Health Literacy and Numeracy: Key Factors in Cancer Risk Comprehension
Chronic Diseases in Canada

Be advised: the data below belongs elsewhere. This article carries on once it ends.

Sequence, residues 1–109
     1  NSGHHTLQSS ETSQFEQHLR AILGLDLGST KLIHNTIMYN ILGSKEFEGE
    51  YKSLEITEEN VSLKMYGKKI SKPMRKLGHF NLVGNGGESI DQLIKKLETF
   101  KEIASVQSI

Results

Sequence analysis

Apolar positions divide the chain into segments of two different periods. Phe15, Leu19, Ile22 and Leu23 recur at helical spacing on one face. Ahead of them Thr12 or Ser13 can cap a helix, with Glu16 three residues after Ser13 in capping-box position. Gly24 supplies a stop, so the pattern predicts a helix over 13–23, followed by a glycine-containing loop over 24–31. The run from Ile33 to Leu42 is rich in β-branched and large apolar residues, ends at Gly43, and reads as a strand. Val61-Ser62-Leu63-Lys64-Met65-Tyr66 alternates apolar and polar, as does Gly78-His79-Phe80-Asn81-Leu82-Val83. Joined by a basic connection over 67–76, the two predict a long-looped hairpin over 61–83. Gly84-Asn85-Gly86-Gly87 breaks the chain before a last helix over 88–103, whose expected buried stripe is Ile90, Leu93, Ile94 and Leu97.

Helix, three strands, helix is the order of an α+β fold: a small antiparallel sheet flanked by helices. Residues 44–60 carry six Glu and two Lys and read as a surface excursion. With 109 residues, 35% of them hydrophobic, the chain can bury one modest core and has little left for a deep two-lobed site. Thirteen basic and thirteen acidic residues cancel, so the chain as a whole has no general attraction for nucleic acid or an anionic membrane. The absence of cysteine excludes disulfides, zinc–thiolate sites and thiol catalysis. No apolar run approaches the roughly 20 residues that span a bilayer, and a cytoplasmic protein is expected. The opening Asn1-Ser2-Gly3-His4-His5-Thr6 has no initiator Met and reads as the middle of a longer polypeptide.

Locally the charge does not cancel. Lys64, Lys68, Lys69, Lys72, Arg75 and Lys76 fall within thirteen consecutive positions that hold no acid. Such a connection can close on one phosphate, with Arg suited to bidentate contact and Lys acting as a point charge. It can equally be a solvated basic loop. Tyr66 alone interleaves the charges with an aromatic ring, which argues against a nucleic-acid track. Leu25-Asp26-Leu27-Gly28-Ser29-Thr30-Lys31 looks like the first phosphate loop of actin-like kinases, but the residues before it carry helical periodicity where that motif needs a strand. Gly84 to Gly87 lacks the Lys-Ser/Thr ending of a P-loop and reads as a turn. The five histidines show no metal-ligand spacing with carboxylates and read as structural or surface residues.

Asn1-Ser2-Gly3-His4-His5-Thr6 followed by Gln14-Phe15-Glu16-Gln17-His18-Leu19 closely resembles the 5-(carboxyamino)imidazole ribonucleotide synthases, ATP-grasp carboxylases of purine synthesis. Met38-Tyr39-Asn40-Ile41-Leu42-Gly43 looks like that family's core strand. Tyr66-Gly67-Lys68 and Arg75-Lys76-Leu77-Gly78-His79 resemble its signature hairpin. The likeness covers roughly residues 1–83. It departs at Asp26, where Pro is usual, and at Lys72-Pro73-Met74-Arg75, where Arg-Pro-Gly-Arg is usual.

In this age of chronic disease and shared decision making, individuals are encouraged to contribute to decisions about health care. Health literacy, including numeracy, is requisite to meaningful participation and has been accepted as a determinant of health. The purpose of this study was to describe the influence of literacy, consisting of prose and numeracy skill, math anxiety, attained education and context of information on participant ability to comprehend Internet-based colorectal cancer prevention information. Prose, numeracy, and math-anxiety data, as well as demographic details, were collected for 140 Canadian adults, aged 50 + years. Participants had adequate prose literacy (STOFHLA) scores, high STOFHLA numeracy scores, moderate levels of health-context numeracy, poorer general-context numeracy and moderate math anxiety. There was better comprehension by participants of common (9.14/11) compared with uncommon (7.64/11) colorectal cancer information (p < 0.01). Prose literacy, numeracy, math anxiety and attained education accounted for 60% of the variation in participant comprehension scores. Numeracy, ranging from basic to advanced proficiency, is required to understand online cancer risk information. Prose literacy enhances numeracy when the subject matter is less familiar. These findings highlight the importance of presenting Web-based information that accommodates diverse health literacy and numeracy levels.